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Old 12-24-2010, 02:00 PM   #21
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Joined: Oct 2007
From: from Wa, living on Grenada (island)

I Ride: 1991 XR250L, 2007 BMW F800S, 1999 ATK 605 ESDS/SM
It also affects the bike's geometry aka "trail" allowing for a faster turn in.

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Old 12-24-2010, 02:16 PM   #22
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Joined: Aug 2008
From: Where the snow falls
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I Ride: one with two wheels
do you need a fully functioning rear brake to trail brake?

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Old 12-24-2010, 02:24 PM   #23
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Joined: Mar 2006
From: spokane, wa

I Ride: 2013 Gasgas 300xc w/lic plate + 1985 RZ350 + 2010 YZ250F +
no. trail braking is just hanging on to the brakes as you enter a turn, tipping the bike in and braking at the same time. the name specifically has nothing to do with the rear brake or the way it changes steering geometry.

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Old 12-24-2010, 02:48 PM   #24
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Joined: Nov 2010
From: Puyallup

I Ride: '08 1098, '12 300 xcw, '12 RMZ 450
“ Quote:
Originally Posted by Transported View Post
Let's see. Now, I've got to remove my fairings, get a wide-ass motocross bar and put them on high-risers, lower my footpegs and move them forward......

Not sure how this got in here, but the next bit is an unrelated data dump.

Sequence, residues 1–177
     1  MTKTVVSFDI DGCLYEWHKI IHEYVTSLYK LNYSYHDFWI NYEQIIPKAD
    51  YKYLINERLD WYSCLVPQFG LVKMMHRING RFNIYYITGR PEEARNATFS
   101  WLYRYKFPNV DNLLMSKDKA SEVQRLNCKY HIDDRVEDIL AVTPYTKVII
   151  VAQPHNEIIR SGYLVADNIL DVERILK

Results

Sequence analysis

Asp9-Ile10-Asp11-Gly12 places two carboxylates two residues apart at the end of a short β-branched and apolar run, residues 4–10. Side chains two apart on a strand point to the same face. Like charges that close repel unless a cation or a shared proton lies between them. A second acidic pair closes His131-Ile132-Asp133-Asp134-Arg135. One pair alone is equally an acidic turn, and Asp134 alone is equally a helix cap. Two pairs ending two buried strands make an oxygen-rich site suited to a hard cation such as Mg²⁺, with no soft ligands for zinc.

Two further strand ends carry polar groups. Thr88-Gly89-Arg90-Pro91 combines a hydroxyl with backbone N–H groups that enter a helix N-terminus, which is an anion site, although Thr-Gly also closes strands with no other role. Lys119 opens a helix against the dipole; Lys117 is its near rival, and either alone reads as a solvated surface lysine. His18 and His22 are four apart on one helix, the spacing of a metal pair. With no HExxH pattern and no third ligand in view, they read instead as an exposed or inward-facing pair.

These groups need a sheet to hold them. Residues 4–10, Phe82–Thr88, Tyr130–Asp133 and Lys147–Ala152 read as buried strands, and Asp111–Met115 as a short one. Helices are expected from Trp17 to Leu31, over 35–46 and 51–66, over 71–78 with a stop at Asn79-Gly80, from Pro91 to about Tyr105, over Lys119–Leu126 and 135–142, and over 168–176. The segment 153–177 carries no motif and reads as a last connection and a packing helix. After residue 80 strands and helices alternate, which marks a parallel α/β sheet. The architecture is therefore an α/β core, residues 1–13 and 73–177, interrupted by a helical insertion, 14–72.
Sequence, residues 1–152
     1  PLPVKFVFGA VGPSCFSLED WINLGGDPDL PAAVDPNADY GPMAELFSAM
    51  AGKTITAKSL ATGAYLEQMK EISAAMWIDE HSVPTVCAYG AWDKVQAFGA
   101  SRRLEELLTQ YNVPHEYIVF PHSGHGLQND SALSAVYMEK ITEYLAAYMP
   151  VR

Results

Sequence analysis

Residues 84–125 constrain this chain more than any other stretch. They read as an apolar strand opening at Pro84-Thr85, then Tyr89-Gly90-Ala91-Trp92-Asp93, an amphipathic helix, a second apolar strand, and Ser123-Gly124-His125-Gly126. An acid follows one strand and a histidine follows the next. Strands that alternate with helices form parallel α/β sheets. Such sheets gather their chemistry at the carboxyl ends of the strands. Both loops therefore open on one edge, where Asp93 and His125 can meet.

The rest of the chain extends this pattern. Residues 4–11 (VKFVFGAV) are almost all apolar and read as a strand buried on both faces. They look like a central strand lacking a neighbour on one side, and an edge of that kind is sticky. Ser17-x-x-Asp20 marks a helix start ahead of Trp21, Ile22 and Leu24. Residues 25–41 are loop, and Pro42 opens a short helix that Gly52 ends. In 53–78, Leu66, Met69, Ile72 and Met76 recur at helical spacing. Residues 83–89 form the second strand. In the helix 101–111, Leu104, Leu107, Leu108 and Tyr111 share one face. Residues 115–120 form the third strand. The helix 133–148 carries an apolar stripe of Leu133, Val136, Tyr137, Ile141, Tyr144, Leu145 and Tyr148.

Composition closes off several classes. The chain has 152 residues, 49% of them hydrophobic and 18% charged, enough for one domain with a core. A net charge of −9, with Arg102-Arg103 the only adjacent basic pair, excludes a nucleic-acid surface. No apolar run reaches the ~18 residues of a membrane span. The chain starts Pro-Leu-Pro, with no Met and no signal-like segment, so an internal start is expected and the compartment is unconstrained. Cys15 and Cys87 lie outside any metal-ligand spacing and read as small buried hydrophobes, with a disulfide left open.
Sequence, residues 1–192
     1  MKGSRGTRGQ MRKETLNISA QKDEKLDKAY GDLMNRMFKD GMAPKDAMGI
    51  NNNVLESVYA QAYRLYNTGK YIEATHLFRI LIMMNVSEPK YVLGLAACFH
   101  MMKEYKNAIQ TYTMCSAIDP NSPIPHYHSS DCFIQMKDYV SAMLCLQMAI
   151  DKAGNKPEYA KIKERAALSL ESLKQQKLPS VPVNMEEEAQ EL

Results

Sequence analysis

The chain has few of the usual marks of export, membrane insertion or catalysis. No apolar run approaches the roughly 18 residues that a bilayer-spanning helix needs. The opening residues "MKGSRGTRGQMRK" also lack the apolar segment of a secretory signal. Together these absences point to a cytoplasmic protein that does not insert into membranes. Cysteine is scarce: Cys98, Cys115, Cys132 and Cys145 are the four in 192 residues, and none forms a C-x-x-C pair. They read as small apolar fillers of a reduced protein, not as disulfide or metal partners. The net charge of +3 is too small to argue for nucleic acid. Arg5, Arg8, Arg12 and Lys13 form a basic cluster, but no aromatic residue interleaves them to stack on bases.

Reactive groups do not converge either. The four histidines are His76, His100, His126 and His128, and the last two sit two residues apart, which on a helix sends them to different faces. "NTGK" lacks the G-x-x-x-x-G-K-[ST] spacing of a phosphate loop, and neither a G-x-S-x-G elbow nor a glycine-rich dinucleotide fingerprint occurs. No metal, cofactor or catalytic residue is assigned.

Hey, what's wrong with that.


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Old 12-24-2010, 03:41 PM   #25
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Joined: Aug 2007
From: Portland, OR
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I Ride: Monsters
Nice description, #121.

It'd be cool if this thread actually remained informational, as opposed to going downhill from semi-sarcastic comments, which might be fun to some of us but peeps who could seriously learn something here, might get confused. At least I thought that was the reason behind OP's post.

I happen to know what trail braking is but I think it's really cool to describe it in such understandable terms. I am still learning how to do it smoothly.

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Old 12-24-2010, 03:53 PM   #26
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Joined: Jul 2007
From: Maryland

I Ride: Team Orange
The motard prefers trail braking, even on the street. Setting corner speed early slows it down too much.

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Old 12-24-2010, 04:01 PM   #27